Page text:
Illicit Trade and Brand Protection in the Oil and Downstream Industry

Supply Chain Intelligence and recent trends

The subject of illicit oil trade has always been a topic of discussion for the public and private sector.

Global oil theft is estimated to be at US$133 billion per year (Bonnier and Bonnier 2019; Desjardins 2017), which is approx 5-7% of all crude oil and refined fuels produced.

The following observations and calculations provide insights into the scope and frequency of worldwide oil theft, the illegal fuel trade, and oil sector fraud:
In 2022, Africa’s biggest oil producer specified that Nigeria was losing 95% of oil production at its Bonny terminal to theft.
In 2013, the Algerian energy authorities reported a US$1.3 billion loss per year due to fuel smuggling to neighboring countries (Al Makhifi 2013).
In 2015, during the Syrian civil war, the Islamic State of Iraq and al-Sham (ISIS) made US$40 million a month from selling crude oil to brokers. Some of the crude oil would be refined into low-grade fuel for smuggling into Turkey (using tanker trucks and cross-border irrigation pipes, making fortunes for local villagers). ISIS sold most of its oil to the Assad regime, despite being its arch-enemy (Ralby et al. 2017).
Turkey imports 2.7 million tons of smuggled fuel annually, depriving its government of US$2.5 billion in tax income. While the number of cars on the road in Turkey increased by 70% from 2003 to 2010, the rise in recorded fuel consumption was only 20 % (Ralby et al. 2017).
Russia’s state-owned investment bank VTB Capital estimated that in 2013 Russian oil companies were losing between US$1.8 billion and US$3.5 billion annually due to oil theft (KhazovCassia 2021).
In 2015, Chinese customs arrested 250 people from two criminal syndicates involved with the illegal import of 440,000 tons of untaxed fuel from ship vessels, worth US$355 million (Chen 2015).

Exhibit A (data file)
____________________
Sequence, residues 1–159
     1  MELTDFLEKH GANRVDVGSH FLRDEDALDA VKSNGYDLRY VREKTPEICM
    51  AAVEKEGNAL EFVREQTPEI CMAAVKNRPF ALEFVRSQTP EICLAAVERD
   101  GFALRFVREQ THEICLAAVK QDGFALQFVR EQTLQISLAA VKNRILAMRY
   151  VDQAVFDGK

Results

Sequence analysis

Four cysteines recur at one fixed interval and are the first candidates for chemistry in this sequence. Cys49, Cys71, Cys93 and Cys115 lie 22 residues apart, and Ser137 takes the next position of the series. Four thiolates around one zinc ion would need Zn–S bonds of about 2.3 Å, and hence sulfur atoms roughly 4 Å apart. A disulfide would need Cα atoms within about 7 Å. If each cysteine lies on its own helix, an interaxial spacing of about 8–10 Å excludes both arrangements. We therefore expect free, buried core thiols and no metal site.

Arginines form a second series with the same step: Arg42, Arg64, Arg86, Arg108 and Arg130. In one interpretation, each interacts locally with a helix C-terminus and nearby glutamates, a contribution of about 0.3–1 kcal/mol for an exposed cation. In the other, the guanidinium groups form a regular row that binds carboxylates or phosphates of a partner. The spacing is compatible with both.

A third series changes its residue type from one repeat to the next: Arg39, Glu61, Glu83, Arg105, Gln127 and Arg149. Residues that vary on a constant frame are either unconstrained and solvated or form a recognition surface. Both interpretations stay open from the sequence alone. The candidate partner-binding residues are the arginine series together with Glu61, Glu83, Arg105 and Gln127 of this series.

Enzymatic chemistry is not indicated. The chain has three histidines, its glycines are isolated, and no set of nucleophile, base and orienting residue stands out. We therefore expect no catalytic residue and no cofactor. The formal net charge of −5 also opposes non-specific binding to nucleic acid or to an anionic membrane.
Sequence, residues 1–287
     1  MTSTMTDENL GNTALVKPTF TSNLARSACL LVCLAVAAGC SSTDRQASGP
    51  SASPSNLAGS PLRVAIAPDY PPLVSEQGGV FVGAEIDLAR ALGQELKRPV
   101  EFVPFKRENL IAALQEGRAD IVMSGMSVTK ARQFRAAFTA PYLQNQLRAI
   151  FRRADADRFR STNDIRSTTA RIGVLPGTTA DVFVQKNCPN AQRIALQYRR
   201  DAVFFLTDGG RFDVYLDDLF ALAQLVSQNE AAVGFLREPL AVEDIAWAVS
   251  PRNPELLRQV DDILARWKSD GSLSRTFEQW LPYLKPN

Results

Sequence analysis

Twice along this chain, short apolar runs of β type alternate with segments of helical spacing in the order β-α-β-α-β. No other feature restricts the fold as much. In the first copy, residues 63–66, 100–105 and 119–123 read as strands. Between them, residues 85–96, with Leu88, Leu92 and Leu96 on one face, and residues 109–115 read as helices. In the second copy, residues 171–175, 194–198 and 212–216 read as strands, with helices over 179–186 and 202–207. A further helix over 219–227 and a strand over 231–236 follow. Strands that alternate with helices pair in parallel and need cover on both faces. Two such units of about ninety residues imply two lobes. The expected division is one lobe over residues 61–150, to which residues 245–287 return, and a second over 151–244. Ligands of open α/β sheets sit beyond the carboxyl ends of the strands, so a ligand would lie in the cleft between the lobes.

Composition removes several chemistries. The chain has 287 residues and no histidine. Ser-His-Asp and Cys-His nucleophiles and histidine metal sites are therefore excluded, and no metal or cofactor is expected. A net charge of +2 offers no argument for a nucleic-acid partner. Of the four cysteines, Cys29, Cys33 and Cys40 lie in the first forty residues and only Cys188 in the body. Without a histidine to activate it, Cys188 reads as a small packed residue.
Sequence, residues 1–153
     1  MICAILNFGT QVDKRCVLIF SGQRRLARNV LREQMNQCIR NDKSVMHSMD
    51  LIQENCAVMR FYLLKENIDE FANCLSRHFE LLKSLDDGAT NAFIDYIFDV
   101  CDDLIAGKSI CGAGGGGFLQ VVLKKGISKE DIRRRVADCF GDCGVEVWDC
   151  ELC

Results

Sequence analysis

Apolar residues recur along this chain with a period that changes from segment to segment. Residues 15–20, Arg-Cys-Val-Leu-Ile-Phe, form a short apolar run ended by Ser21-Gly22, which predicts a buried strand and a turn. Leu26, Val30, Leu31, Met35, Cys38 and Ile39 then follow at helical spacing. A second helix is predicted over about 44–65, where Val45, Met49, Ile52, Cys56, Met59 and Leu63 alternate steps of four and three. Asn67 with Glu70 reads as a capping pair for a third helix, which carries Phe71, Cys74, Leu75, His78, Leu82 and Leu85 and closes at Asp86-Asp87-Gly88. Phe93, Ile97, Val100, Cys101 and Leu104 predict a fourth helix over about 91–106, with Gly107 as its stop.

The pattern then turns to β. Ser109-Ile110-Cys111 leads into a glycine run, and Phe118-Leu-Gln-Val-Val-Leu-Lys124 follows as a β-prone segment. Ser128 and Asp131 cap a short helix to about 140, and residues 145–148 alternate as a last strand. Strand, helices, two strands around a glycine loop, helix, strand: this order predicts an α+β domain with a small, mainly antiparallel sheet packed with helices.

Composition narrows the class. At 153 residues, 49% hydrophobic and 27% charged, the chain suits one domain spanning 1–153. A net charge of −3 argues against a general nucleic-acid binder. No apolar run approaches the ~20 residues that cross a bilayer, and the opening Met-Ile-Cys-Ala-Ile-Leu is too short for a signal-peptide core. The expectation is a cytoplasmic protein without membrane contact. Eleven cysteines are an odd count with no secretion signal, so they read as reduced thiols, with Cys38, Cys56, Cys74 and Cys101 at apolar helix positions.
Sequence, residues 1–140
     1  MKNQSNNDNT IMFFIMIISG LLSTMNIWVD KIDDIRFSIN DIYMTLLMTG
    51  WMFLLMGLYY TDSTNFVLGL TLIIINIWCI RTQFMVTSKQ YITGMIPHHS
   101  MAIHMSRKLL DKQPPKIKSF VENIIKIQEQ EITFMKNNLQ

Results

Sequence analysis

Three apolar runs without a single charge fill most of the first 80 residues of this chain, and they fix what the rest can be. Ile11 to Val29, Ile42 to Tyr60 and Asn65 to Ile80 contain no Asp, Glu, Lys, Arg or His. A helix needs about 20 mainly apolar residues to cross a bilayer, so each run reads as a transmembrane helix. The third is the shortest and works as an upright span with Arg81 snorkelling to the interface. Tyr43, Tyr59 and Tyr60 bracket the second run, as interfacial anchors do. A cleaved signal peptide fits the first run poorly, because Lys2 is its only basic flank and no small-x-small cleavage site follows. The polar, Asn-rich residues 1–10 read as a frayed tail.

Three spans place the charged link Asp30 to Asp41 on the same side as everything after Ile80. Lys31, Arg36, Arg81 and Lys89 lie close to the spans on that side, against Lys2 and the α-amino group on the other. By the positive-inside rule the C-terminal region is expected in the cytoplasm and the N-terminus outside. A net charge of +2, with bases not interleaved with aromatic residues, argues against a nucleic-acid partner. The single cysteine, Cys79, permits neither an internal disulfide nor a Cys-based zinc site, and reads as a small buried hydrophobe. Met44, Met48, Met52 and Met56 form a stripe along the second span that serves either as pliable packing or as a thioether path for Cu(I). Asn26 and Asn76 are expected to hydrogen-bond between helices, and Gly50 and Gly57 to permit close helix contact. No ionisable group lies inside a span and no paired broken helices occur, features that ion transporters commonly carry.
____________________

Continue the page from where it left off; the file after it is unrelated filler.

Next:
Three million liters of fuel are smuggled daily over land alone, from Malaysia to Thailand, valued per year at US$1.2 billion in Thailand and US$0.54 billion in Malaysia (Ralby et al.2017).
In 2021, Guangdong (China) police arrested several people for illicit trade and sales of light cycle oil (LCO). Between 2019 and 2021, China LCO imports increased from 142,000 to 511,500 barrels per day, as traders exploited a tax loophole exempting LCO from consumption tax. China’s unnaturally high LCO demand would have resulted in US$3.9 billion in avoided taxes annually if authorities had not intervened (Chen and Samanta 2021a, 2021b).

Insights from illicit Motor Oil Enforcements

ApiraSol’s enforcement databases keep track of counterfeit and smuggled oil-related products globally. Our metrics reveal key trends in international illicit trade.

Significant Oil Theft in 2020

Interactive Map, only showing regions with available data.

Russia, one of the world’s biggest oil producers, is unquestionably a market worth watching in 2023 from both an importer and exporter perspective:

Shipments of motor oils to Russia. With the beginning of the Russia-Ukraine war, motor oil brands left the market, leaving an opportunity for third-party traders to satisfy demand. Brand owners may not be aware of such shipments which can go against sanctions in place against Russia.
Shipments of motor oils from Russia. Russian infringers are renowned for counterfeit oil manufacturing and are exporting oil products.
ApiraSol mapped suspicious Motor Oil shipments TO and OUT of Russia between Jan - May 2023:
The top exporting countries of Motor Oil to Russia between Jan - May 2023 are:
The top destination countries of Motor Oil exports from Russia between Jan - May 2023 are:

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